120 Days and Nights of
STAGGERING + STAMMERING
The young man at the beginning of Tarkovsky’s Mirror stammers and stutters, and learns not to. My grandmother staggers out of The China Hall Pub, The Pimlico, The Eagle The White Horse Tavern and never learns. In the icy wastes of the French Alps she dives into freezing lakes followed by my grandfather, without a St. Bernard for company. The Soho Troy Bar always clings. However far I try and get away from Grey Gardens it still tugs me back to ‘Tea for Two’.
Our lives are smeared throughout the world, recalled through disparate, dissolute, fragmentary images, sounds and memories. 120/360 Days and Nights of STAGGERING + STAMMERING is an installation that sucks in and spews out images of the people and surroundings it encounters, real or imaginary, wherever it happens to stumble, New York, London, Iquitos.
Consisting of an old SLR film camera and a LED spotlight each of the 120/360 ‘projectors’ will throw out images of the people, events and the fabric surrounding wherever it is deemed fit to be exhibited, in an ever changing, cavorting carousel, that documents the transitory lives that pass through this crystalline world. These images will be taken before and during installation and while the installation is up and running. The audience will be invited to donate their own images of the area showing their experiences in it and of it, which then will be re-photographed and slotted into these projectors.
A dense flickering array of images negotiated and dictated by the space, can be projected into, onto and outwards of any given situation/site. They prefer shady aspects but can flourish during daylight hours too. The larger less bright images are made visible by the descending gloom of the night. The smaller, closer to the wall/ceiling/floor, ones can cope with the intensity of other light sources. The projectors can be clumped together in one location or be spread around different locales as needs be
A dense flickering array of images negotiated and dictated by the space, can be projected into, onto and outwards of any given situation. They prefer shady aspects but can flourish during daylight hours too. The larger less bright images are made visible by the descending gloom of the night. The smaller, closer to the wall/ceiling/floor, ones can cope with the intensity of other light sources. The projectors can be clumped together in one location or be spread around different locales as needs be.
Deleuze’s text on Godard, points out how Godard’s filmwork is essentially inbetween; between text and image, cinema and television, sound and vision, passion and politics. If we consider it, the very concept of montage is itself the meaning inbetween, the rupture between the two images, the fissure of intensity created by the juxtaposition. Deleuze goes on to describe this disaggregation as stammering. Which for Godard becomes a visual stammering, to stammer not in one’s language, but in how one sees. Where the language of cinema is disassembled, taken down to its elements, to produce a molecular cinema, the twenty-four frames a second. As Godard himself says, it is, “admitting that you’re stammering, that you’re half blind, that you can read, but not write…” The question is always what is there to see? What is imperceptible? These are Godard’s reasons for dissolving linear narrative and normative cinema conventions.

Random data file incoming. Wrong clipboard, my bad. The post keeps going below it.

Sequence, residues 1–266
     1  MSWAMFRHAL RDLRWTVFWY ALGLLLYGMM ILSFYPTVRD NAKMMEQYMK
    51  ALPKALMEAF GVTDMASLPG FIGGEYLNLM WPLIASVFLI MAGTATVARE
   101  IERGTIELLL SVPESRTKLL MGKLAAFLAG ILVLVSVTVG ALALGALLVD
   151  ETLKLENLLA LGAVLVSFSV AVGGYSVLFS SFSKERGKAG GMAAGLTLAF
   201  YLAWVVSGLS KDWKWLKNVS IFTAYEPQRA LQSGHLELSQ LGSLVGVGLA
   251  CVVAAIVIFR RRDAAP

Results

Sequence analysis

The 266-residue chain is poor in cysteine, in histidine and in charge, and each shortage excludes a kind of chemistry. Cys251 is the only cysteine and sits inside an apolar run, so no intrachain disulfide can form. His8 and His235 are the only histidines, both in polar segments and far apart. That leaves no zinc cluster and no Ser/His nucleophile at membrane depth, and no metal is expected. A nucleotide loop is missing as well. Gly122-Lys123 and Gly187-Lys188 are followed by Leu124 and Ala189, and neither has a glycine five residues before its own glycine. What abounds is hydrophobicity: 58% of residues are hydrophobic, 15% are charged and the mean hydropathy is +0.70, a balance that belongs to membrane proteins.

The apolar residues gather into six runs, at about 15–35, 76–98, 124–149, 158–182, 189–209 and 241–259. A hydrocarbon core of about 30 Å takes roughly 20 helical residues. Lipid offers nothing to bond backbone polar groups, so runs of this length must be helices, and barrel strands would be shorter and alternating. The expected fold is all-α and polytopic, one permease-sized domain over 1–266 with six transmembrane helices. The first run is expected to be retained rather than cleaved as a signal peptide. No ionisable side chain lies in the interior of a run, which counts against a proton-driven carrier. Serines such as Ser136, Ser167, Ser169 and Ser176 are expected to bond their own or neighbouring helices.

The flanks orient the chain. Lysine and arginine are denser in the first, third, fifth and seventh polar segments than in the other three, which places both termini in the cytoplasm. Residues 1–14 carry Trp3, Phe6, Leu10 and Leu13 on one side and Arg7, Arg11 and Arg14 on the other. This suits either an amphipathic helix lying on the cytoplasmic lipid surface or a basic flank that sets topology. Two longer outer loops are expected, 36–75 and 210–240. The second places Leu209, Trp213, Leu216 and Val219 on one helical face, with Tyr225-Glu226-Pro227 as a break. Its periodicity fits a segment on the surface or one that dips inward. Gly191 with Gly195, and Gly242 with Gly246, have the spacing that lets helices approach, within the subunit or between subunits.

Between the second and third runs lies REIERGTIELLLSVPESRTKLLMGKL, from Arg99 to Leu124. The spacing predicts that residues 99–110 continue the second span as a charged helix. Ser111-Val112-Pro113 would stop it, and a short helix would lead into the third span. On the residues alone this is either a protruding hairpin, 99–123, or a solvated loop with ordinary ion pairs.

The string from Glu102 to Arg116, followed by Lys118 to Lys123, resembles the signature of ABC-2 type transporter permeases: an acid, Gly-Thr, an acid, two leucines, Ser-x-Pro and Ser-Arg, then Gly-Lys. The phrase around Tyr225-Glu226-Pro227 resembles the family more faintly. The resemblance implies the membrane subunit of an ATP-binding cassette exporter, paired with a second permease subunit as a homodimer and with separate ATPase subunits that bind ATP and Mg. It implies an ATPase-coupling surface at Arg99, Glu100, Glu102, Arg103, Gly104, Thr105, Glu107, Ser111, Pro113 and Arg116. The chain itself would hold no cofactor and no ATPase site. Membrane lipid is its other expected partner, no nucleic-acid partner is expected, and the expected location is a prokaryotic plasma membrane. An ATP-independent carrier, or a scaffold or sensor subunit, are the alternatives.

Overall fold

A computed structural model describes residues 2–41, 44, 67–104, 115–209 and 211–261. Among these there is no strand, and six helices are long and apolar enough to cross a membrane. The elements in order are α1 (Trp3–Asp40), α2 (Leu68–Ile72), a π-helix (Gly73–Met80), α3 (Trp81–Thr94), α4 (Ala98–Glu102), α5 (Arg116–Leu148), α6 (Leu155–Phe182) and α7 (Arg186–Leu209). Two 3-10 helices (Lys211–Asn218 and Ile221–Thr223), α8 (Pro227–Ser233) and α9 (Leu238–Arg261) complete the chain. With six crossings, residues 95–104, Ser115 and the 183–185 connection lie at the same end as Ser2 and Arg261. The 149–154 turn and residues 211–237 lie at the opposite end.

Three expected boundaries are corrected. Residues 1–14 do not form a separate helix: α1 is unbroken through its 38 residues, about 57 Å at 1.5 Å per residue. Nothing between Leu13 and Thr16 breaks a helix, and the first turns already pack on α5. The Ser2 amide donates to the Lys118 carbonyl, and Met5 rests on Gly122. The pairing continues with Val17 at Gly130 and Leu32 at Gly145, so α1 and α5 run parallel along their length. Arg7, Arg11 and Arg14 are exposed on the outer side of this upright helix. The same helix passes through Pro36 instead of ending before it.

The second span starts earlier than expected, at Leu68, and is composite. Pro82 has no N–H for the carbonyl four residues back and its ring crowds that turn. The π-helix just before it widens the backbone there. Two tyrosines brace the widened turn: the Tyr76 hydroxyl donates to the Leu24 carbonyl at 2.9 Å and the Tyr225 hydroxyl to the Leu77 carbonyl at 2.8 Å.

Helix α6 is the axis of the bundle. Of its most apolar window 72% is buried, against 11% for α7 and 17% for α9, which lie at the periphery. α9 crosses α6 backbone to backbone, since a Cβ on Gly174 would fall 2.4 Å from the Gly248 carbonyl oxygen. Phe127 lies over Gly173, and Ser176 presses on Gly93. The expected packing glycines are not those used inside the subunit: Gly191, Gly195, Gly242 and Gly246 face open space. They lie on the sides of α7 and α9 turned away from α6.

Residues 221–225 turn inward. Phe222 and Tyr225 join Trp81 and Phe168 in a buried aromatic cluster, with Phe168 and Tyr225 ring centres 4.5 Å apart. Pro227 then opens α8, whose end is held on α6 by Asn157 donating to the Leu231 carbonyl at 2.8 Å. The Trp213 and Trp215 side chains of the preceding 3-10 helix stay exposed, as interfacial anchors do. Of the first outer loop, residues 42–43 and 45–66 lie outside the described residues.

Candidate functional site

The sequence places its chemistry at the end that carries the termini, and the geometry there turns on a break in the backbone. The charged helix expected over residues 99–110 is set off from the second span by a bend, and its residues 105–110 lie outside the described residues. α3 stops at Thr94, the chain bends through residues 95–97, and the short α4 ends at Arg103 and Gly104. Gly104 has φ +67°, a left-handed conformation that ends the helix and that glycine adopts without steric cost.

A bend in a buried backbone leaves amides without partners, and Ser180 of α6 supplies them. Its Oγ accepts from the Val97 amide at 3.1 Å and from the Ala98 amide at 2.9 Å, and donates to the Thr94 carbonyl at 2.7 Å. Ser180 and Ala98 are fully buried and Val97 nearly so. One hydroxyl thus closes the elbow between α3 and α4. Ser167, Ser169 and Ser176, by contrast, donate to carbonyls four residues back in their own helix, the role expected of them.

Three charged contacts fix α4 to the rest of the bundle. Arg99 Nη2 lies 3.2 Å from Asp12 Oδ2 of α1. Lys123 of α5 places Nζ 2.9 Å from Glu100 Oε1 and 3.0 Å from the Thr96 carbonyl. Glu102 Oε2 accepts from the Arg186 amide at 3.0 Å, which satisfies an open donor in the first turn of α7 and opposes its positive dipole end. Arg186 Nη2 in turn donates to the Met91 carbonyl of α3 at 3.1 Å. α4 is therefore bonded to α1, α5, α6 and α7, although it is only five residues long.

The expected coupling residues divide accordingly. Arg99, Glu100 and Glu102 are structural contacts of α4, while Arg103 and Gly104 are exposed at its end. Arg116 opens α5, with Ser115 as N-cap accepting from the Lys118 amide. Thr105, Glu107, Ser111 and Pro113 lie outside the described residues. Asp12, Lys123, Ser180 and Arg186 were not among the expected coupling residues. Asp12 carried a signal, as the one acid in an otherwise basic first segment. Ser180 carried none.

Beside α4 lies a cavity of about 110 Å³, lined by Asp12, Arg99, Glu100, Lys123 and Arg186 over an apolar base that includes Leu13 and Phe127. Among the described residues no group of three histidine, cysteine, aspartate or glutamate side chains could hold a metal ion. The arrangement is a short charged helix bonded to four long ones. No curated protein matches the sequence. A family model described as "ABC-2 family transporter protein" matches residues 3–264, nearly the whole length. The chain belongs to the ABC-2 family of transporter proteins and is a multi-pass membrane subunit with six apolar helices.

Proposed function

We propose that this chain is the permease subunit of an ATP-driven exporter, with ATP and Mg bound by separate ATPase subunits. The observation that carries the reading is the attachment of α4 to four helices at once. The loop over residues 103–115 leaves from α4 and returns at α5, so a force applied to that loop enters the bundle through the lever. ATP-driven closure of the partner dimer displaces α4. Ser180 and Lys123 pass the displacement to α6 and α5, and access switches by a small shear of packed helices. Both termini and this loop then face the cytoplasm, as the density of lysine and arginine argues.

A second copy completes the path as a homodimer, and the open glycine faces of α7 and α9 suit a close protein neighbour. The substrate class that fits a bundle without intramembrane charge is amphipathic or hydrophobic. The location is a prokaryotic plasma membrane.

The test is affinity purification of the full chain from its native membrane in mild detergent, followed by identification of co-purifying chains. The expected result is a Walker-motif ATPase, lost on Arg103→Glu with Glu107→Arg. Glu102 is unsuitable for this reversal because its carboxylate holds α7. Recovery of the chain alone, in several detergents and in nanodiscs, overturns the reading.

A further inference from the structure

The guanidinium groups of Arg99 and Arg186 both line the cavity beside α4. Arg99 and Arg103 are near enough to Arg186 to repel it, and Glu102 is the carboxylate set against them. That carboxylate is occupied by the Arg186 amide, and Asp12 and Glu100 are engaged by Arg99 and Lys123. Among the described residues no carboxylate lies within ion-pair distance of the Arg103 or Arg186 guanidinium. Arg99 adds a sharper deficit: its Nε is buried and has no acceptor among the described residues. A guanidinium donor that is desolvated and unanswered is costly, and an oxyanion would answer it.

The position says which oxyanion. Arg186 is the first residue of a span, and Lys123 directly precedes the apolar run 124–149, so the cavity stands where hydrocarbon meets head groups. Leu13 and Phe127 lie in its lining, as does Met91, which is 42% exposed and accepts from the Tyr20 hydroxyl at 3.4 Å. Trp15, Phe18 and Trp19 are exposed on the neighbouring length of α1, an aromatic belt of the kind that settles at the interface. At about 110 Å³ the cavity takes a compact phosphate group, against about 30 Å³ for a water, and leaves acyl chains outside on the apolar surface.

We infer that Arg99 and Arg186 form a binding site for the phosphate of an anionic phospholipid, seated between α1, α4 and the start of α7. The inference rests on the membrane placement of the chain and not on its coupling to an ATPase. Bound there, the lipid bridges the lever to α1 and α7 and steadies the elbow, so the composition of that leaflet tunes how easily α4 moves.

The audience will be enveloped in and disrupt this cacophony of images, creating and destroying as they wander through and around them. Shadows will appear and obliterate the wall images only to reappear on the bodies of the transgressors. The images will be instantly recognisable as they will depict places just passed through on the way to the exhibition site. There will be temporal shifts occurring sometimes of mere days alongside others of an indeterminate age. Referents will be lost and gained throughout this encounter.
The projectors are simple ‘plug and play’ devices that are ready to go. Each one uses 1 Watt of electricity and the LED light runs cool with a minimum of heat loss. They come in ‘groups’ of five or six each with its own lead and extension cable. They are easily manoeuvrable and transportable. They come in their own cases which then double up as steady platforms which give the projectors an anchoring point.
The Shade of Cardinal Richelieu.
In a splendid chamber of the Palais Royal, formerly styled the Palais Cardinal, a man sitting in deep reverie, his head supported on his hands, leaning over a gilt and inlaid table which was covered with letters and papers. Behind this figure glowed a vast fireplace alive with leaping flames; great logs of oak blazed and crackled on the polished brass andirons whose flicker shone upon the superb of the lonely tenant of the room, which was illumined grandly by twin candelabra rich with wax-lights. http://ebooks.gutenberg.us/PGCC/3musk10.htm